Oil price is rising? Watch out! That’s why the situation is so uncertain right now

Beispielbild für eine Öl-Pumpe

The oil price “continues to rise”, as we can read in some German media today. Well, we would like to say. Because if we take a look at the following chart, which shows the development of the WTI oil price since last Thursday, then the market has been fighting for the 50 Dollar mark since the beginning of the week. If we take last night’s prices at an even 50 Dollars, then we can now see a plus of 73 cents at the current 50.73 Dollars. But in the big picture, where the market has fallen dramatically for weeks from 65 Dollars at the beginning of January to below 50 Dollars, these few cents are rather a small upward puddle, a small technical upward twitch. Some media are currently citing the fact that the growth in new coronavirus infections is slowing down as the reason for this mini-rise.

Oil price reacts only marginally to API data

Let’s take a look at the API data for crude oil inventories in the USA announced at 10:30 pm last night. Inventories increased by 6 million barrels. The oil price dropped by just 17 cents to $49.83 immediately afterwards, only to rise again shortly thereafter. Overnight, a rise to 50.73 Dollars, as we said before, has so far been achieved in WTI oil. So the market has ignored the significantly rising inventories. Today at 4:30 pm, the official government inventory data from the “Energy Information Administration” in the USA will be reported. Already in the last two weeks there have been increases of more than 3 million barrels each. Is it continuing today? As a tendency, rising inventory levels indicate a falling oil price (too little demand, too much supply, or both). And ohhh wonder, where could the rising inventories come from? Probably from the coronavirus, which is causing demand in China to collapse.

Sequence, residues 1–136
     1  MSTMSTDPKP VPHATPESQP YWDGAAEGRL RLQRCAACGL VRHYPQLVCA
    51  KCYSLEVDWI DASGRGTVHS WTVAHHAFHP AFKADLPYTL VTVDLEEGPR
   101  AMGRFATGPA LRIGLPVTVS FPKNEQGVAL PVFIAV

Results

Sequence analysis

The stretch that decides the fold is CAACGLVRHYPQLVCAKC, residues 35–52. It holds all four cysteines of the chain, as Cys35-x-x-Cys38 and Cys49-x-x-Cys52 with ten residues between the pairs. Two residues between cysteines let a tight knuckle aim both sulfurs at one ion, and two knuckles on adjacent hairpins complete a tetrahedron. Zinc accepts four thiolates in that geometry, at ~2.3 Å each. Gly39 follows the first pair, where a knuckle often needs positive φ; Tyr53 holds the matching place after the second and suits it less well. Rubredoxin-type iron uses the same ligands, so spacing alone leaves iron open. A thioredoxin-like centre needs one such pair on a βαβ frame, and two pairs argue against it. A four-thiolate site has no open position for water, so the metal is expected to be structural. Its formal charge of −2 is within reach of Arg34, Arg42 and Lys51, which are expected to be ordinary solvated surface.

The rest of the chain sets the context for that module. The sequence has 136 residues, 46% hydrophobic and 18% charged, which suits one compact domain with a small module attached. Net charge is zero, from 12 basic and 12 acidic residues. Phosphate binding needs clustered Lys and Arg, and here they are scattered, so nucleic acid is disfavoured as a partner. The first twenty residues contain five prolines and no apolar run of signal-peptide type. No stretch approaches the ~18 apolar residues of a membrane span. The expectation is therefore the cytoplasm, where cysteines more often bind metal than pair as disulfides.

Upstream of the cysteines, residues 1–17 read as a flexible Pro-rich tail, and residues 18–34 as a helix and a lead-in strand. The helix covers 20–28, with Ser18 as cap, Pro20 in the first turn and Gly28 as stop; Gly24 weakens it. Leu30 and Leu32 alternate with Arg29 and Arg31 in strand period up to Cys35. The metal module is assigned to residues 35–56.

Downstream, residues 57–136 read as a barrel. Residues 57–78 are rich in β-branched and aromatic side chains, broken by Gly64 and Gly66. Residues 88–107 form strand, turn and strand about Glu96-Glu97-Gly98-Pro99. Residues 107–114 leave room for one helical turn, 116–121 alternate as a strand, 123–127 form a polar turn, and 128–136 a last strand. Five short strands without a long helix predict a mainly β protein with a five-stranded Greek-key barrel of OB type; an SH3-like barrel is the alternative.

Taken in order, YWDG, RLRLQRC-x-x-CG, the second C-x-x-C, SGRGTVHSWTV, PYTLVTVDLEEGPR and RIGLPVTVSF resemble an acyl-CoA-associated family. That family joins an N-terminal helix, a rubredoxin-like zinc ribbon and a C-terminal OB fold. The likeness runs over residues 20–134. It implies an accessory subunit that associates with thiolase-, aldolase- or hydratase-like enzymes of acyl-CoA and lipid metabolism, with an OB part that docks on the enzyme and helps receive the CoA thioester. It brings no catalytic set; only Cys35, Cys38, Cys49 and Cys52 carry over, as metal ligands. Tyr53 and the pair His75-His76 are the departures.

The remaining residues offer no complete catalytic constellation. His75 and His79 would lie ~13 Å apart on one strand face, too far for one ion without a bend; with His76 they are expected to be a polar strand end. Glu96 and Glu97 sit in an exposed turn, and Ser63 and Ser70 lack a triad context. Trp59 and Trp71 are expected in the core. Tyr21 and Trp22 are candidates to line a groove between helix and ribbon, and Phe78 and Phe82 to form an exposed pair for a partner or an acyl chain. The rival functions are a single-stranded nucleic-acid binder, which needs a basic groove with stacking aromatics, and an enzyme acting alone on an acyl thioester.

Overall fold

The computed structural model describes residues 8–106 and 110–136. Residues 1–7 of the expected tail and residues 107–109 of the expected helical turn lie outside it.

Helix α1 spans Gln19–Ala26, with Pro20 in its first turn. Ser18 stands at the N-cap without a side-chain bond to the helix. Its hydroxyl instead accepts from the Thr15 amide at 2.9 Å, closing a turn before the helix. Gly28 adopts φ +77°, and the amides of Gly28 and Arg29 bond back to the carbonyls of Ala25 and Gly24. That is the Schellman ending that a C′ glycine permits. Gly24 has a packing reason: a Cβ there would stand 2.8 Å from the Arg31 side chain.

Forecast for decline in demand

And the same agency that reports the official inventory levels for the USA this afternoon has just released forecast data on the oil market. Compared to a previous January forecast, the forecast for global demand volume has been lowered by 0.9 million barrels per day for the current quarter due to the coronavirus and warmer temperatures than usual in January in northern consuming countries. For the full year 2020, the demand growth forecast is lowered from 1.3 to 1.0 million barrels per day. Less demand would thus argue for a falling oil price. So supply has to be cut back, right?

Oil price on hold, waiting for Russia to decide

We had already discussed it on Monday. And even today the suspension continues. OPEC is relatively unanimous that they want to further reduce the production rate for oil significantly, probably by 600,000 barrels per day. This is intended to compensate for the weak demand from China (due to the coronavirus). But Russia simply hasn’t wanted to say anything for days now about whether or not to participate in a further reduction. A technical committee of OPEC had officially recommended extending the already ongoing cut until the end of the year. On top of that, the technical committee of OPEC had recommended that further additional “adjustments” of the production volume until the end of the 2nd quarter were appropriate. Well, Russia has still not decided whether to go ahead or not. They want to analyse the recommendations of the OPEC committee.

Allegedly, Russia’s Energy Minister Novak will meet today with representatives of Russian oil companies. So are there any signals from Russia today or tomorrow? If they jump on the train and give their YES for a further cut, can the price of oil rise? Or would a cut of 600,000 barrels a day simply be too little in the eyes of the market? You might even be disappointed and the price of WTI oil rushes below the 50 Dollar mark? This is exactly the question the market is currently facing.

Verlauf im WTI Ölpreis seit dem 6. Februar
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